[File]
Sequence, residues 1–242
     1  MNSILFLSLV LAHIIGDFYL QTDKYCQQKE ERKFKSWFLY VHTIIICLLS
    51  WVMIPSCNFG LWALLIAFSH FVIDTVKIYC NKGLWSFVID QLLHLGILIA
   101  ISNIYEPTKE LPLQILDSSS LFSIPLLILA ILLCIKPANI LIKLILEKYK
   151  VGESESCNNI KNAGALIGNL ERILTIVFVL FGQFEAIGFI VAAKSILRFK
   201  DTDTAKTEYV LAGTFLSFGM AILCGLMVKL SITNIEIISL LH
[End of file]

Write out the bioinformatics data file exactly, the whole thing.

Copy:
Sequence, residues 1–242
     1  MNSILFLSLV LAHIIGDFYL QTDKYCQQKE ERKFKSWFLY VHTIIICLLS
    51  WVMIPSCNFG LWALLIAFSH FVIDTVKIYC NKGLWSFVID QLLHLGILIA
   101  ISNIYEPTKE LPLQILDSSS LFSIPLLILA ILLCIKPANI LIKLILEKYK
   151  VGESESCNNI KNAGALIGNL ERILTIVFVL FGQFEAIGFI VAAKSILRFK
   201  DTDTAKTEYV LAGTFLSFGM AILCGLMVKL SITNIEIISL LH